Johnson and Johnson being one of the largest pharmaceutical companies in United States, has experienced growth within its’ various sections.
The firm hasn’t been so much affected by the expiry of patents on drugs since it took the necessary precautions and still experiences high sales. The new manager of J&J has the challenge of maintaining the high level of sales during his tenure (Johlke and Duhan 265-267). The company faces new rivalry from the market that has seen its sales slowing down. Its’ new invention, drug-coated stent, has been held for a long time by the Food and Drug Administration and possibly will face fierce competition from Boston Scientific Corporation whose stent is preferred in the market. This is because J&J stent is highly priced and medical personnel say that its’ use is so much involving as compared to the rest. The rate at which the company acquires assets has also declined over the past few years (Barret 177-182).
List the Alternatives
The firm has to embark on increasing the rate of acquiring assets and building of small businesses.
These business enterprises must be given full independence on strategy implementation and financial control. Instead of waiting for the approval of one drug, Waldo should drive the company towards scientific advancement that will enable innovation of other drugs. Besides dealing with drugs, the company should look into how they can also produce other medical devices.
Good communication network should be established between the firm and its constituent businesses. This should be for accountability purposes and enhancement of all the company’s operations (Kohli 53-8).
Analyze the alternatives in the case
The firm only managed to buy fifty two businesses over a period of ten years.
This is not convincing since its below the expectations of a big company such as J&J. Improvement in the research and development will enable the company to expand its capacity to accommodate more employees and also improving on its ability to produce quality products. Currently the company employs approximately nine thousand three hundred scientists within its labs (Barret 177-182). Forming partnership with other related companies will interfere with J&J independent nature that it has enjoyed for several years. The increased sales from the sale of brand will mean that the company commands a big percentage of the customer base (Cravens and Piercy 2009). The firm needs to work on the projects that will enable it offer extra services and enable them reduce on the cost of production.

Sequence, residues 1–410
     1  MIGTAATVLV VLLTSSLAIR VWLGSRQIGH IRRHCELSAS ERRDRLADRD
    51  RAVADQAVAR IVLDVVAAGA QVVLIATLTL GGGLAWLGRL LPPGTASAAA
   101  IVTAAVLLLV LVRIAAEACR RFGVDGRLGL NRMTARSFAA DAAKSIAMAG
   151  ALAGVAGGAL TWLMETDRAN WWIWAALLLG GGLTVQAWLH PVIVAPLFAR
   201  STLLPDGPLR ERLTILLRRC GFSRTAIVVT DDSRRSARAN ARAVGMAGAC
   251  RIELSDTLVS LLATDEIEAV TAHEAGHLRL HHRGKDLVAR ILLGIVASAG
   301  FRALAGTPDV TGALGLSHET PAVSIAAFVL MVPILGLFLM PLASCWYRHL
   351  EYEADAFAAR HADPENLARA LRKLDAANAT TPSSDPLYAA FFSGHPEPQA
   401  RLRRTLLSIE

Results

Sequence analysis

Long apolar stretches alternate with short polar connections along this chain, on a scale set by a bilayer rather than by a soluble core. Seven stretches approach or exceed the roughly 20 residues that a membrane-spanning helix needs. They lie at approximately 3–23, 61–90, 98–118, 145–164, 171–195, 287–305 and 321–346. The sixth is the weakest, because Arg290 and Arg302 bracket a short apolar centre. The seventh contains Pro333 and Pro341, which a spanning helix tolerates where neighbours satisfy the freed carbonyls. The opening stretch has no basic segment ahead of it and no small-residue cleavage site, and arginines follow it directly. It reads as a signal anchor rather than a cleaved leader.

This might as well be linked to the company’s’ researchers working on an invention that enables easy prediction and identification of those suffering from certain diseases like cancer. The brand of the company should also be designed to depict the firm’s scientific nature; this will assist in luring consumers hence promoting the products sales (Gronroos 3-12). The use of this idea was practically experimented in the year 2002 and the results were positive since the sales increased by 4.9% from the year 2000 (Barret 177-182).
In order to improve on its research and development programs, J&J should form partnership with other related companies since it will help in cost sharing and also improvement of drug output and quality. The manager needs to recruit aggressive sales personnel who will attack the market from every corner applying appropriately the elements of the market mix. This will ensure that their competitors are not given enough space to device new strategies. Works cited Barret, Amy.
“Staying on Top: Johnson and Johnson case Study”. Business week, May 6 (2003): 177-182 Cravens, David and Piercy, Nigel. “Strategic Marketing”. McGraw Hill. 9th edition. 2009. Gronroos, Christian. “Relationship Approach to Marketing in Service Contexts: The Marketing and Organisational Behavior Interface”.
Journal of Business Research, Vol. 20, (1982): 3-12. Johlke, Mark and Dale Duhan. “Testing Competing Models of Sales Force Communication”. Journal of Personal Selling & Sales Management. Vol. 21 (4), (2000): 265-277. Kohli, Jaworski.
“Market orientation: Antecedents and consequences”. Journal of Marketing, 57, (3) (1993): 53-81.